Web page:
Weddings have provided many skilled artists an avenue to flaunt their talents by portraying the complexities and intricacies of this age-old tradition. Though wedding traditions differ from region to region and between social classes, the air of romance and celebration (usually) tends to remain the same. As we approach the post-COVID wedding season, here is some wedding inspiration in art.
The Celebration of the Bride
Edward Blair Leighton was an English painter known for his romanticized depictions of the medieval era. As the son of a painter, his family recognized and encouraged his talents early in his life. His works convey historical themes in a sentimental and nostalgic manner. They are rich in detail and often portray romantic or chivalrous pursuits. Although he never became a member of the Royal Academy, Leighton had exhibits there for over forty years.
This painting depicts the moment of solemnization of a marriage. While it doesn’t convey a particularly medieval quality, the painting is in keeping with Leighton’s general theme. As with any successful wedding, the focus here is on the bride. Leighton centers this painting around the bride, who signs her name in the large register before her. She has an ethereal quality that is further enhanced by the sunlight pouring in on her through the latticed windows. The iridescent dress and the delicate veil enveloping her further emphasize the heavenly glow. The bystanders of the painting include the officiant, the groom, and the family of the newly wedded couple, forming a balanced frame around her.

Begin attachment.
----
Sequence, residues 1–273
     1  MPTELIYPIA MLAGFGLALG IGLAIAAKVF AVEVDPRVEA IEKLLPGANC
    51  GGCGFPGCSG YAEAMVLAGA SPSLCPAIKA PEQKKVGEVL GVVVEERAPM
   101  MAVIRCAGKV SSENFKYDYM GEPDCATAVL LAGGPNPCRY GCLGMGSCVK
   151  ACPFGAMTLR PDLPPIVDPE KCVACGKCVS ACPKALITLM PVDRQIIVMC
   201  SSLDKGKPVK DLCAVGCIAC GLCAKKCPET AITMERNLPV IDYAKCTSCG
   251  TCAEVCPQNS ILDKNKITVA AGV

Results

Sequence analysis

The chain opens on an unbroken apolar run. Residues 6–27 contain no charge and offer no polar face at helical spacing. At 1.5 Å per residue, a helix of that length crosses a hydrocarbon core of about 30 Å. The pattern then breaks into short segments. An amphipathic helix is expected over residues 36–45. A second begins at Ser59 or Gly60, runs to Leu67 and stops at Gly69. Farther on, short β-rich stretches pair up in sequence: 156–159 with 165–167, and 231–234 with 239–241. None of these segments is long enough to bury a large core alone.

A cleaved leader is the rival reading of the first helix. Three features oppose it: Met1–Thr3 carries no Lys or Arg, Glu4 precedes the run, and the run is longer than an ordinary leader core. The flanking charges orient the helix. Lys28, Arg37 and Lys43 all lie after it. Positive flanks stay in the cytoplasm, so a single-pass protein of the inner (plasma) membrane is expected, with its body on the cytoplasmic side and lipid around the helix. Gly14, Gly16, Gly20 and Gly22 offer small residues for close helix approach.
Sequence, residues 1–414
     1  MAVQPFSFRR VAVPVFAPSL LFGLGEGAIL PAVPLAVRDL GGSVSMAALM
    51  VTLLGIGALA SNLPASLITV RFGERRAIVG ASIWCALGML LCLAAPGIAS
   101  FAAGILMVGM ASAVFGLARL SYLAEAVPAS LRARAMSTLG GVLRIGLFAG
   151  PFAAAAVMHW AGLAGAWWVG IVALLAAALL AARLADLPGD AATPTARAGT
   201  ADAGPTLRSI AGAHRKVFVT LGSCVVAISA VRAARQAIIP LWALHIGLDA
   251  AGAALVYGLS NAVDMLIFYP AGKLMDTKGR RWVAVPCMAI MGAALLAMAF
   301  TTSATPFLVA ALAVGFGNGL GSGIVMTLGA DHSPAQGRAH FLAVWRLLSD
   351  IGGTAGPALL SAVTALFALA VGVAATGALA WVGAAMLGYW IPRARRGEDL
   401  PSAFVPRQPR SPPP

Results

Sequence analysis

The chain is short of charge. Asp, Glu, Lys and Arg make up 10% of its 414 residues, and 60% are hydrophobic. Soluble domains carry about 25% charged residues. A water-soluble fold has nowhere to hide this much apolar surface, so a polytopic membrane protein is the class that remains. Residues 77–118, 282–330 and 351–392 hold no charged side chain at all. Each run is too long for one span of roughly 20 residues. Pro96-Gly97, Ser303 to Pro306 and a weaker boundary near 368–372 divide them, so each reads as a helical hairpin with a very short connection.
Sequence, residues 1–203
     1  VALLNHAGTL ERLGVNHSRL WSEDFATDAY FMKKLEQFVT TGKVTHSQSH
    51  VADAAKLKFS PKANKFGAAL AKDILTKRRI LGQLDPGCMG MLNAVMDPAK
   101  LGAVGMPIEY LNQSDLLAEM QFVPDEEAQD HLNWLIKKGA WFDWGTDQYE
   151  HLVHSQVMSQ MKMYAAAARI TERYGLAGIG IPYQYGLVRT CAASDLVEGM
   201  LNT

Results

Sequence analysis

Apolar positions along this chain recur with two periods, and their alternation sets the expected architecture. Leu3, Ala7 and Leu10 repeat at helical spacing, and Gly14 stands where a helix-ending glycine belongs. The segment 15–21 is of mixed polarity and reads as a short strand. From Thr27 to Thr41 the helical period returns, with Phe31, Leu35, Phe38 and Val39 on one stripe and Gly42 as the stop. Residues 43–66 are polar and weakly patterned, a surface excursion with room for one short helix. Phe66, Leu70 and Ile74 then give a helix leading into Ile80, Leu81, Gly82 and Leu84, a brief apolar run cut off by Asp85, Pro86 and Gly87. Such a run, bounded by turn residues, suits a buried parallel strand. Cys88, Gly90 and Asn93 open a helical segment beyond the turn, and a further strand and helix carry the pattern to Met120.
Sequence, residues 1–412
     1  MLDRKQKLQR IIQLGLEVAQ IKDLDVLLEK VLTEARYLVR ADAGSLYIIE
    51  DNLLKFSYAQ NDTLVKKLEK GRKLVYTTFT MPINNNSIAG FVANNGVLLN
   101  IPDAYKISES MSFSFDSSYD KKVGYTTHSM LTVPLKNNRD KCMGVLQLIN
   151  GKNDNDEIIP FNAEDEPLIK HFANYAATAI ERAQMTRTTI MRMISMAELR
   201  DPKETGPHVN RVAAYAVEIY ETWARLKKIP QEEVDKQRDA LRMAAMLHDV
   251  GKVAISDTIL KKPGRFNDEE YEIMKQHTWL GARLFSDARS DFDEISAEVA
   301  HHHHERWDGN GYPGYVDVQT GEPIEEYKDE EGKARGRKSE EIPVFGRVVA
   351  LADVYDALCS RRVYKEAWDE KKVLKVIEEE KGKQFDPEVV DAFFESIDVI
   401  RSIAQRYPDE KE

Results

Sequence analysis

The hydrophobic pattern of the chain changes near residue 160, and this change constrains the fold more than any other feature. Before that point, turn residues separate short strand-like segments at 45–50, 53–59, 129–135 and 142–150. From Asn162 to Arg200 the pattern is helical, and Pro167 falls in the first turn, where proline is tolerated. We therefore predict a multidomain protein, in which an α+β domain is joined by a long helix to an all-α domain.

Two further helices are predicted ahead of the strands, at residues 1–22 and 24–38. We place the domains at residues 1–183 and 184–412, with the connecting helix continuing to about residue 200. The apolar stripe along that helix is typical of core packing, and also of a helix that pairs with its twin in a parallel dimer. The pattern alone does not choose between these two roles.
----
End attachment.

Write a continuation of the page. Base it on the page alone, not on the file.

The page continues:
Although weddings are generally accompanied by celebration, that does not appear to be the case here. Even though this wedding is no doubt a grand celebration and the couple in the spotlight appears to be prosperous, the mood here is rather bleak. The setting appears to be a dark church with a young and desolate bride at its very center. The source of her inconsolable despair appears to be the old figure next to her, who is presumably the groom. The medals on his chest provide an unsubtle hint of his great wealth, though the look he casts upon his young bride is peculiar – certainly not one of love or admiration. The other figures surrounding them echo the dark, contemplative mood of this work.
This painting is by Vasily Pukirev, a Russian artist from the 19th century. Pukirey started from humble beginnings, but his path led him to the Moscow School of Painting, Sculpture, and Architecture in 1847, where he also went on to teach. This painting, titled The Unequal Marriage, became his best-known work. Pukirev also makes a cameo in his painting at the far right of the canvas. Could he have intended this work as a social commentary or was this a manifestation of a lost love from his own life?